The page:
1) Why PSIA? Why did you choose PSIA over any other bank instrument or product?
Because it’s relevant. The project we proposed was about accessibility issues related to poor people in Beijing. From our perspective it’s about the social aspect of transport development, so we felt that the PSIA MDTF was very much relevant in supporting this kind of activities.
2) What was the most challenging moment while working on this PSIA?
Getting reliable data from government agencies is truly challenging, particularly in China, although these agencies have already collected lots of data. When we worked on this PSIA it was very difficult for us to a) access to data; b) let them share it among these agencies. For this type of work, the data we need is not only transportation data, but also other data like the jobs, land and use data, and then poverty data, basically the household survey data. Those data are collected by agencies, so it’s quite difficult for us to access them. So we decided to hire the Lincoln Policy Institute in Peking University, which has quite a lot of connection with the City Planning Bureau, that has household data available, and that helped, otherwise it would have been impossible for us to carry out the study. They facilitated the dialogue with the agencies, so they would share the data with us and support our work.
3) If you had to do this PSIA over, what would you do differently, based on the lessons learned from this one?
I think we did a good job, but going back to the data challenge I described, we could have tried a different approach, like the open data for example, try to take advantage of mobile phones, IT technologies, and try to get some data through crowd-sourcing rather than getting them from government agencies. I think the other thing we could have done differently is a little bit more dissemination, in the end because the project was delayed we didn’t really do a proper one.
4) Any recommendations for TTLs working on PSIAs – what are the top three things TTLs should always keep in mind when working on a PSIA.
Sometimes to submit a GRM it could take quite a long time, especially to get it approved in the system. PSIA itself is not a very difficult exercise, but I think it could help to have terms of reference ready for procurement process, once the funds become available, to speed up the process. My project was delayed because we had a problem with procurement. When we decided to hire with Lincoln Policy Institute it took a long time to process the single source. I would suggest to other teams that once the PSIA fund is approved and when the funding transfer process starts, it’s good to have TOR ready to save time, otherwise the project gets delayed.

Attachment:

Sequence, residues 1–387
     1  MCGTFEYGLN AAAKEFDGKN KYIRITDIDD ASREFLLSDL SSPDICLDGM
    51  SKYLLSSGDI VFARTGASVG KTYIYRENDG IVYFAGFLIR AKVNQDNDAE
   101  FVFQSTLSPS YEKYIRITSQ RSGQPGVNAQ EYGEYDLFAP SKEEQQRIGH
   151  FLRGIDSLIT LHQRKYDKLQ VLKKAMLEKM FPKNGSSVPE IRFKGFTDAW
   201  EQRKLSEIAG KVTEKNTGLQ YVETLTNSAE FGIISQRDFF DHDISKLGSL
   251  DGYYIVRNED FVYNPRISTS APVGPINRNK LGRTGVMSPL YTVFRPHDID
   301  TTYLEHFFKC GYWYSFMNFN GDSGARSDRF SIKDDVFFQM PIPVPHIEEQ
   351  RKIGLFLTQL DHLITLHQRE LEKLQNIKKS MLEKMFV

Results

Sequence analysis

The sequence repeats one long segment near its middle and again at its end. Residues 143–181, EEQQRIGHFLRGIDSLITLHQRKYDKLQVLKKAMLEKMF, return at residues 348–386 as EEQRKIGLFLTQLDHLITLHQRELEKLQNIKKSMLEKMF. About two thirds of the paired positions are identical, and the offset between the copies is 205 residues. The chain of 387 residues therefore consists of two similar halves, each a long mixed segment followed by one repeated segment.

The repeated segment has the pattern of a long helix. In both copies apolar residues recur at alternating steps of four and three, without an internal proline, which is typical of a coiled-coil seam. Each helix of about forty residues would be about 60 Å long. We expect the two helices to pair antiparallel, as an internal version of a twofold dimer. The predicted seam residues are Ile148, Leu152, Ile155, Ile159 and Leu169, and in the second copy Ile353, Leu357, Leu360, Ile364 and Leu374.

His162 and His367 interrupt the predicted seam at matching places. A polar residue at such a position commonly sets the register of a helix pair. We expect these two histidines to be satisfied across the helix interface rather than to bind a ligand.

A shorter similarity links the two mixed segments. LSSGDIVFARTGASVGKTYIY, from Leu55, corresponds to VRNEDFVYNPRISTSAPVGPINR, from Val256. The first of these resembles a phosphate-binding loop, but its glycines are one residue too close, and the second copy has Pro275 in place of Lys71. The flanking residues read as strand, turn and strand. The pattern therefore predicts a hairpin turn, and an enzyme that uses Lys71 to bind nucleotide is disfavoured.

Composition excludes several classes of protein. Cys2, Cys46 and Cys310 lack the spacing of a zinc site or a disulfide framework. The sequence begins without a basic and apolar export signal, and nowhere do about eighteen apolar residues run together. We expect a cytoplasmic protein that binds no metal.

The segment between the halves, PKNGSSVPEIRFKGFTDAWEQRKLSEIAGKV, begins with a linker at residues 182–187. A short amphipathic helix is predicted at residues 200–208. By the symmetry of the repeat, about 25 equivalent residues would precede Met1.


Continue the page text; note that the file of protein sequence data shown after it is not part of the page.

5) What do you do when you are not doing a PSIA?
I watch TV and play soccer! Well, jokes apart, I work on many projects, by the time I worked on this PSIA in 2013 I was managing more than 10 AAA projects, so we have plenty of work to do!
Dr. Fang is a Global Lead for Urban Mobility and a Lead Transport Specialist at the World Bank. He has about 18 years’ experience in the field of infrastructure planning, financing and development. In his current position, Dr. Fang is responsible for providing technical, operational and knowledge support to World Bank teams working on urban transport programs/projects in various countries. Since he joined the bank in 2001, he has worked on infrastructure investment projects in many countries, including, Bangladesh, Cambodia, China, Ghana, India, and more. From 2013 to 2015, he was based in New Delhi and acted as a focal person of the Transport and ICT Global Practice in South Asia region, leading and coordinating the World Bank’s policy dialogue with national and local governments in sustainable transport development. Prior to joining the World Bank, Dr. Fang was an urban planner practicing primarily in Beijing. He holds a Master of Engineering in urban planning and a PhD in the same field from Tsinghua University. He was a SPURS fellow at MIT’s Department of Urban Planning and Studies during 2000-2001.